Finland's experience is important as it demonstrates how an OECD country got into a severe financially-related crisis - and what it did to find a path out. This has a context to the current deep problems confronting many OECD nations. Indeed, Finland should point a way for Greece, but unlike the Nordic country there are serious questions over political will in Athens to adhere to the right policies. Along these lines, Ireland has most likely put itself down a similar path to Finland in the 1990s, with a well-defined objective of cleaning up the financial mess and restoring competitiveness, with a begrudging supportive societal consensus. Finland's experience, however, also has relevance to the larger OECD countries for many of the same reasons - deleveraging takes time, good policy decisions always matter, and a broad societal consensus is essential in tackling problems of size and scope. It can be argued in the U.S. the idea that deleveraging takes time and can be painful has not sunk in, spending is not being reigned in, and a societal consensus on these matters is lagging. That understanding is likely to prove essential to spell out a path for strong and sustainable recovery.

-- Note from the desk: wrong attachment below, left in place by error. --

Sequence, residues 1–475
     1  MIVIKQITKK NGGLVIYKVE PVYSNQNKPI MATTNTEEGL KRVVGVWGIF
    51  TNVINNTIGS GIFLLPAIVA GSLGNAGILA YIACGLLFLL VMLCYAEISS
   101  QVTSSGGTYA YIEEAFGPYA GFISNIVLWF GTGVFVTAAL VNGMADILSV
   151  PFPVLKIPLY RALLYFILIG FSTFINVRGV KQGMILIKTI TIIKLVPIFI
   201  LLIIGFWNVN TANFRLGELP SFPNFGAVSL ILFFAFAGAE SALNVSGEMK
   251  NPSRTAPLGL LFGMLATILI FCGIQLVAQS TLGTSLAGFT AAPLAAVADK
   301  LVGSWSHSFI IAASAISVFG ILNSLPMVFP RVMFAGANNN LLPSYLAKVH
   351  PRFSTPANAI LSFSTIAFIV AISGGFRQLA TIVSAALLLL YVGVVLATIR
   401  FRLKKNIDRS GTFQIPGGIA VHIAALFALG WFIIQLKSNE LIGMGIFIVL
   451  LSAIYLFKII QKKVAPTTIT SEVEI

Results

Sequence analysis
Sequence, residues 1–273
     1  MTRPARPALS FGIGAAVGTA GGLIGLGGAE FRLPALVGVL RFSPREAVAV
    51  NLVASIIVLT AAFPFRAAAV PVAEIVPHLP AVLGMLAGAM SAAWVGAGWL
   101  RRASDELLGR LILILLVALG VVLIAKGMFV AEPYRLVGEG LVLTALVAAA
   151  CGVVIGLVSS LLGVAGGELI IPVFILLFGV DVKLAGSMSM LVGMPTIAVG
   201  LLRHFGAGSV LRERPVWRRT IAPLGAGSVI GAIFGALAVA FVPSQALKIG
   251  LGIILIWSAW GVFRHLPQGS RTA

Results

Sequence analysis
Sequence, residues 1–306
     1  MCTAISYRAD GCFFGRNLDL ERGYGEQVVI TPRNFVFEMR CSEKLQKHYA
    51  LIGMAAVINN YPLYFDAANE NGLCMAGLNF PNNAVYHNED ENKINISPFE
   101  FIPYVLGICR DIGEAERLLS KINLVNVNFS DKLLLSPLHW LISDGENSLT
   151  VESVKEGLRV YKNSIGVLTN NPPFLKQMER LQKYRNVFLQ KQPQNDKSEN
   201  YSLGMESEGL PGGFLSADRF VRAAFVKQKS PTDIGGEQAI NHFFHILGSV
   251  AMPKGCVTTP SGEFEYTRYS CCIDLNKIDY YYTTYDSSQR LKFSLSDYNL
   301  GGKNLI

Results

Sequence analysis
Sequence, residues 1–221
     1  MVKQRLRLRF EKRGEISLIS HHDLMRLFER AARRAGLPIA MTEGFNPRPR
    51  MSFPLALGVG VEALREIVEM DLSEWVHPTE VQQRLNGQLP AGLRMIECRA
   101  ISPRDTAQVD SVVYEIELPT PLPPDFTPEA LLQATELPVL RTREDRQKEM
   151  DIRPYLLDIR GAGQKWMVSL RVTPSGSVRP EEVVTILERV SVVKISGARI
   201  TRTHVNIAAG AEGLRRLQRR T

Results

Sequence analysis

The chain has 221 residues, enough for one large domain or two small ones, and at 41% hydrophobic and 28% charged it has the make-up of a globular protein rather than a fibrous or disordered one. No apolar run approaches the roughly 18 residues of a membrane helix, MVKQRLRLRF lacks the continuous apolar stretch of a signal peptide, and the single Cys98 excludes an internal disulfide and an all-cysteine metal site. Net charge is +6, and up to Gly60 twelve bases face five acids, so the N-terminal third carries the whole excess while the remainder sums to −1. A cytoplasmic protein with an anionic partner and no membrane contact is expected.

While the information and opinions contained within have been compiled from sources believed to be reliable, KWR does not represent that it is accurate or complete and it should be relied on as such. Accordingly, nothing in this article shall be construed as offering a guarantee of the accuracy or completeness of the information contained herein, or as an offer or solicitation with respect to the purchase or sale of any security. All opinions and estimates are subject to change without notice. KWR staff, consultants and contributors to the KWR International Advisor may at any time have a long or short position in any security or option mentioned.

KWR International Advisor

Editor: Dr. Scott B. MacDonald, Sr. Consultant

Deputy Editors: Dr. Jonathan Lemco, Director and Sr. Consultant and Robert Windorf, Senior Consultant

Associate Editor: Darin Feldman

Publisher: Keith W. Rabin, President